The electrostatic forces between our proteins are found by calculating the electric field from the electrostatic potential, and the F = q*E. To speed up our calculations, we will use what are called effective charges. These are a set of charges (relatively few in number) that reproduce the electrostatic potential (for more details see: R.R. Gabdoulline and R.C. Wade. Effective charges for macromolecules in solvent J.Phys.Chem. (1996) 100, 3868-3878). Since the number of effective charges is about two orders of magnitude less than the number of atoms is the protein, the force calculations run much faster.
The first step in determining effective charges is to choose the sites where the charges will be. This is completely arbitrary, but since the acidic and basic groups on the protein are concentrated sites of charge, we choose these are our locations. Specifically, we choose the terminal atoms on each of the side chains:
These sites are automatically set up using the program ecm_mksites. This program takes your protein structure from stdin, and directs the output to stdout, i.e.
ecm_mksites < barnase.pdb > barnase.sites
In the above line, I'm doing this in my ECM directory, but change as needed. Look at the resulting file. I think you should get 28 sites for barnase and 26 for barstar. Now you need to set up an input file for the effective charge calculations. This file looks like:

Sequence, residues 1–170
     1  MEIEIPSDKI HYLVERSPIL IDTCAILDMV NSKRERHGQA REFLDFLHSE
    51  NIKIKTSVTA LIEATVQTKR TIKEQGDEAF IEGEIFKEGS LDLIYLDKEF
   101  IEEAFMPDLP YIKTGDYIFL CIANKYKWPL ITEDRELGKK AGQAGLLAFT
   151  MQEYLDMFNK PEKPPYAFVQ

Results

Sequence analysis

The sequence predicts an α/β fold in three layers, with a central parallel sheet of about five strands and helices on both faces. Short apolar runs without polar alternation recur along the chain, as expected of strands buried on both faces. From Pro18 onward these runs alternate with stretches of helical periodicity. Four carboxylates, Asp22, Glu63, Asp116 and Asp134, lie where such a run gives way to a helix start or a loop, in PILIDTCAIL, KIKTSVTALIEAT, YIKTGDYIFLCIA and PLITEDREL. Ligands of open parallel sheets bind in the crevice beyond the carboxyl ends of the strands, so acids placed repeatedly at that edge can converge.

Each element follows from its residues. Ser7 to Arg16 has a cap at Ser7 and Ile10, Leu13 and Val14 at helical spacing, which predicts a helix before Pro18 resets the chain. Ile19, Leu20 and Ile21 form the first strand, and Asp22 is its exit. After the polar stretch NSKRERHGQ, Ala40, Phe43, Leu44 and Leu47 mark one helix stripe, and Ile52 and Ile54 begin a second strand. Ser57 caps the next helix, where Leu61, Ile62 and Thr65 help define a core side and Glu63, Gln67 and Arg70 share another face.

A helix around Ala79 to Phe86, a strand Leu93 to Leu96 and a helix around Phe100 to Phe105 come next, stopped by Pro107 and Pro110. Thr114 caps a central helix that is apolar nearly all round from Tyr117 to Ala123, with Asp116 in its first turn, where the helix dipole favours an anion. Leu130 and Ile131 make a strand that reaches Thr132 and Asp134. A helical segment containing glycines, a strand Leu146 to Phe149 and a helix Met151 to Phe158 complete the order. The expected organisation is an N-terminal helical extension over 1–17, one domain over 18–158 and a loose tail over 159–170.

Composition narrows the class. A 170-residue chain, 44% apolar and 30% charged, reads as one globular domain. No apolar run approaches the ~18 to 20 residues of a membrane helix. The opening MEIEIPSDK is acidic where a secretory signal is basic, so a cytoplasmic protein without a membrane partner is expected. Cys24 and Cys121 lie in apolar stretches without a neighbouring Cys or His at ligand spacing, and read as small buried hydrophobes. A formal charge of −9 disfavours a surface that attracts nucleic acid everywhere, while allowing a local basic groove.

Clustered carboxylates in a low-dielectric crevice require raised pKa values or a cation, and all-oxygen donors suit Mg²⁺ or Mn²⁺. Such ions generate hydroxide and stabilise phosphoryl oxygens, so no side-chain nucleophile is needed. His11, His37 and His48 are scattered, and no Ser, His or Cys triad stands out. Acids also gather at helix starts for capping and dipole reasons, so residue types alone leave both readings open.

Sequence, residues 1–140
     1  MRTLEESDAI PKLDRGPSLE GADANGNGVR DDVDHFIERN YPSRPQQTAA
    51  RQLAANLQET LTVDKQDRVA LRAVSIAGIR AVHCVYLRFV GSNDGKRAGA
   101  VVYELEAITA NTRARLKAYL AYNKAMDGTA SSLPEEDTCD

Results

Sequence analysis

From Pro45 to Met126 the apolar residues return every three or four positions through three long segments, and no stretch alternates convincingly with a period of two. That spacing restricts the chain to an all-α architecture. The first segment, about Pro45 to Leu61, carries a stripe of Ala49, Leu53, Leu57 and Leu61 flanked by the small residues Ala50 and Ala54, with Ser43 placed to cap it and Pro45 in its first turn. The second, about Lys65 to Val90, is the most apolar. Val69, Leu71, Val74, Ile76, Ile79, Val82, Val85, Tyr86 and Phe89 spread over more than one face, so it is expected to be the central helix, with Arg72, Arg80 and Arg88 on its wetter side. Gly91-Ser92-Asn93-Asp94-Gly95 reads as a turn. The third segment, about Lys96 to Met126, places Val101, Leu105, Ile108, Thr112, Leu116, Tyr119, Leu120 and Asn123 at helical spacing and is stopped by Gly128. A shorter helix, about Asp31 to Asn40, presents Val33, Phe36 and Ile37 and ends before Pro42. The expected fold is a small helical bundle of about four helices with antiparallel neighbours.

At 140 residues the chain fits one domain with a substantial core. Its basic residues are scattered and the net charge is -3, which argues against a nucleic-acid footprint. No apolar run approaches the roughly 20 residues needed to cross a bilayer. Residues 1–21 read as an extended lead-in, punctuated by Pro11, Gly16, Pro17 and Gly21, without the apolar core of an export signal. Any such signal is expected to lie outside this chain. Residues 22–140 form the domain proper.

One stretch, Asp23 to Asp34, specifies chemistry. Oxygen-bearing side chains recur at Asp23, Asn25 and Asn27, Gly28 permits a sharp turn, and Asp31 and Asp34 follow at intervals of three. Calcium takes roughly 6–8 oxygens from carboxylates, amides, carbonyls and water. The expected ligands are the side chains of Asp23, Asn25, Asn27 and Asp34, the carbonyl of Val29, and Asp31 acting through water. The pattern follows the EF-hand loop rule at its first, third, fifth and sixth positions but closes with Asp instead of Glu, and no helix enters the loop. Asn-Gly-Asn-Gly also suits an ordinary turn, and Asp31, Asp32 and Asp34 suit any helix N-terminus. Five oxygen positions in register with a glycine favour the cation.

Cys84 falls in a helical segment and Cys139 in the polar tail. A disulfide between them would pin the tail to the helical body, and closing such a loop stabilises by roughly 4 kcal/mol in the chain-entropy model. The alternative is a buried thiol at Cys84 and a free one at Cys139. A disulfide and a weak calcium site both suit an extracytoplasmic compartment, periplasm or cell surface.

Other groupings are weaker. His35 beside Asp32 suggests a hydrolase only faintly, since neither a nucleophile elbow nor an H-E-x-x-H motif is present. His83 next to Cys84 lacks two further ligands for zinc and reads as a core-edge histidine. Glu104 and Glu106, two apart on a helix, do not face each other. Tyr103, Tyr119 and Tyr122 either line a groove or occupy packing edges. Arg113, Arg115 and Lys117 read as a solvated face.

------------------ pdb file name barnase.pdb ------------------ file with test charges for a molecule barnase.sites ------------------ grid file name and its form (0-binary, 1 -asci) UHBD format barnase.50mM.grd 0 ------------------ probe, skin: expansion happens in [probe; probe+skin] interval 4.0, 3.0 ------------------ ionic strength, solvent dielectric 50., 78.4 ------------------ file to write effective charges barnase.echa ------------------ nothing else
The input parameters are documented, but the most important factors you may need to change are the structure file, the sites file, the potential file (make sure this is you binary grid created using asc2bin), the ionic strength (must be the same as you apbs calculation), and the effective charge file name. Using this file, run the command
ecm_expand150 < barnase.echa.in
This first step finds the Coulomb grids and calculates the charge matrix. Next, you need to regularize the matrix using
Finally, you calculate a set of effective charges using
This program will prompt you for a level of regularization. If you choose 1, you will do the best job of fitting the potential, but the individual charge values may be quite large. If you choose the maximum level (28 in the case of barnase), you will simply recover the original set of charges produced by ecm_mksites. The best option is to choose a middle value, and I typically choose the midpoint (if there are 28 sites, I choose 14). This does a reasonable job of fitting the potential, but still gives reasonable charge values.
Once you have your effective charges for both barnase and barstar, move on to determining reaction sites.